Svjetska zdravstvena organizacija u međunarodnom pravu / The World Health Organization in International Law
Keywords:World Health Organization (WHO), International Health Regulations (IHR), International Health Law, international human rights, Transnational Law, globalization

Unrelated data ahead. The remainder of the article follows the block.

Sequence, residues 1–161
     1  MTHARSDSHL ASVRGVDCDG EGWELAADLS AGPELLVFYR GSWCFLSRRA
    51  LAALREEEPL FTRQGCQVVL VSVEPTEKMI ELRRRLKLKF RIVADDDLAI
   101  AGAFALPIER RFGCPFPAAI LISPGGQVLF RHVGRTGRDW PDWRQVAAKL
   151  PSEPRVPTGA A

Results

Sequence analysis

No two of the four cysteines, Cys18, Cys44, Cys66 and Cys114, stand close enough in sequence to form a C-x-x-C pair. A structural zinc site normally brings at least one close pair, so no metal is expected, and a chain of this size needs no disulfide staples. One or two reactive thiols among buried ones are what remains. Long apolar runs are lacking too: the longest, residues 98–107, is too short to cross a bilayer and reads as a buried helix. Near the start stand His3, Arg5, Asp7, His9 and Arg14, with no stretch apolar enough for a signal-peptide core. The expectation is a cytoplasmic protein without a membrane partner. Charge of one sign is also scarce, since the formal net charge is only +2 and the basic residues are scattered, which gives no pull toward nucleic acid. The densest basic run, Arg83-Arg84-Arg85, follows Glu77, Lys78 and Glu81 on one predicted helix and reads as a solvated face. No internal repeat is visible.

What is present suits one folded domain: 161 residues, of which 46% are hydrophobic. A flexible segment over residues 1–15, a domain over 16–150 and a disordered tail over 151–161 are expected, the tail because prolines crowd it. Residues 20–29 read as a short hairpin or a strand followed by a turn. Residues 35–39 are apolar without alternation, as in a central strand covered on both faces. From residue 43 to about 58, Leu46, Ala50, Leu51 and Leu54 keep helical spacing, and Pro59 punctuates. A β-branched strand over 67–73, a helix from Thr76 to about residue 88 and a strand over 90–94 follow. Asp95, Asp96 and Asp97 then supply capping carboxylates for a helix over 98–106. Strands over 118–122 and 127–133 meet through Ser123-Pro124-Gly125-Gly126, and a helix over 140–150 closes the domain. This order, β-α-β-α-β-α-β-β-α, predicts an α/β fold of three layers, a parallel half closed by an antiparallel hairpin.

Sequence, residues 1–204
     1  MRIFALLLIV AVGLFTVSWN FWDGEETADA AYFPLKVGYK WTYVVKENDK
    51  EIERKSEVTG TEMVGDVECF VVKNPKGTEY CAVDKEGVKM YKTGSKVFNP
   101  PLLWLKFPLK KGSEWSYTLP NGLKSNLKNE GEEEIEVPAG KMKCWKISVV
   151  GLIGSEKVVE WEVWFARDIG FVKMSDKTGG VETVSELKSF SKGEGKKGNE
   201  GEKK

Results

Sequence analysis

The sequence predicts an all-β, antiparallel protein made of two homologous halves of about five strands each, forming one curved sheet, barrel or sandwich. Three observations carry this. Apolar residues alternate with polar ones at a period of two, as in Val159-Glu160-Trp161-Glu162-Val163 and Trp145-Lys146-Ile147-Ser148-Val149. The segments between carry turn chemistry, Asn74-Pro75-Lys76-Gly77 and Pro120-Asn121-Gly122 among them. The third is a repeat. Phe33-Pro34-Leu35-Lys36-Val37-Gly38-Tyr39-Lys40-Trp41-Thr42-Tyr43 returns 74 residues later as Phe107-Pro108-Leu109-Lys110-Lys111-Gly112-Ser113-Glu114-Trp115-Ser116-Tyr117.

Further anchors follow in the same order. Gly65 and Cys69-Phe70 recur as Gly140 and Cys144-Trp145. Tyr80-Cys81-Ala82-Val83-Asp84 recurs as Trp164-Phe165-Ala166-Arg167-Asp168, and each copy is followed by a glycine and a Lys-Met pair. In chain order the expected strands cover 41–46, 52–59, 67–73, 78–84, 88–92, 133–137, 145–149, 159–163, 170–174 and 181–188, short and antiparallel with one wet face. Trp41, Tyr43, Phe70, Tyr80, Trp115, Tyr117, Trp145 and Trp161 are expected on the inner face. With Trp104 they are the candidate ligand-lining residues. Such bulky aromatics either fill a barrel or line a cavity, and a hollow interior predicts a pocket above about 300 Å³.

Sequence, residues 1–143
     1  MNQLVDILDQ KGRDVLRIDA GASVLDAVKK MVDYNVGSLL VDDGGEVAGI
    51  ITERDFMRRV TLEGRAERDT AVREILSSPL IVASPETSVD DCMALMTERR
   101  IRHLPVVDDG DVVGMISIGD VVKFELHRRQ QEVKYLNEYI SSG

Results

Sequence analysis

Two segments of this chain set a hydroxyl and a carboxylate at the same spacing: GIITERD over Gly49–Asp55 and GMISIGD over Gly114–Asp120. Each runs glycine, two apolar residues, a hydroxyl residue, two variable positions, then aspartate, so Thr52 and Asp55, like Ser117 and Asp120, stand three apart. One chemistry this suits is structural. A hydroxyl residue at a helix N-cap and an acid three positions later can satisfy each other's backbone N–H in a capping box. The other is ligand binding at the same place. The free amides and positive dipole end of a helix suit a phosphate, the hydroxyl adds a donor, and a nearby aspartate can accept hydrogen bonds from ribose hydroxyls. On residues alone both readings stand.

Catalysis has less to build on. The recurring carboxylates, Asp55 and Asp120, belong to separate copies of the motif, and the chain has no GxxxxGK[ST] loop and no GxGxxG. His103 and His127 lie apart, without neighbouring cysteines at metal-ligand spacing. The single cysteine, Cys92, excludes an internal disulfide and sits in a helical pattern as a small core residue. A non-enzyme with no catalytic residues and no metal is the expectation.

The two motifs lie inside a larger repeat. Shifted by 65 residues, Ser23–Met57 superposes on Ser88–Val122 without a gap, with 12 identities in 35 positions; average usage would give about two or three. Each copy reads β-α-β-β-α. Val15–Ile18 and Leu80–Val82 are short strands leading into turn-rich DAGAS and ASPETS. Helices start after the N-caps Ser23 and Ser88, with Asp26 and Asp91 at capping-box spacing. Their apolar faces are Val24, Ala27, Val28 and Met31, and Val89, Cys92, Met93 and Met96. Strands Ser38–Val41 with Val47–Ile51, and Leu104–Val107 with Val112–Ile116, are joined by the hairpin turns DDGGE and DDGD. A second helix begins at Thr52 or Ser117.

This article represents a critical review of the WHO's (World Health Organization) approach to control of infectious diseases on the international level. It puts focus primarily on the IHR (International Health Regulations) from the standpoint of developing countries, but also globally. Although IHR represent the most important legal instrument that the WHO has adopted until now, they have been heavily criticized—among other things—for their limited scope of application and the fact that the health measures which they lay down are founded on an out-dated understanding of national sovereignty. Therefore, this article sets as its task to evaluate whether the IHR, as proposed by the WHO in 2004, are able to meet the challenges of both new and resurgent pathogens in the globalizing world of today. The author concludes that, notwithstanding its long neglect of international law, the WHO’s policy is gradually shifting towards a regulatory approach to global public health. Though the revised IHR lack procedural details in various areas, they still represent the central legal instrument in the transnational health regime. Regulated public health system is possible only within a global normative framework, which implies cooperation between states, establishing corresponding inter-governmental organizations and supporting their work, along with assigning an active role to the non-governmental actors. The World Health Organization with their International Health Regulations certainly have an important, prominent and leading role in international health law, which has been shown in their engagement during the global pandemic of COVID-19 which has affected the whole world now.
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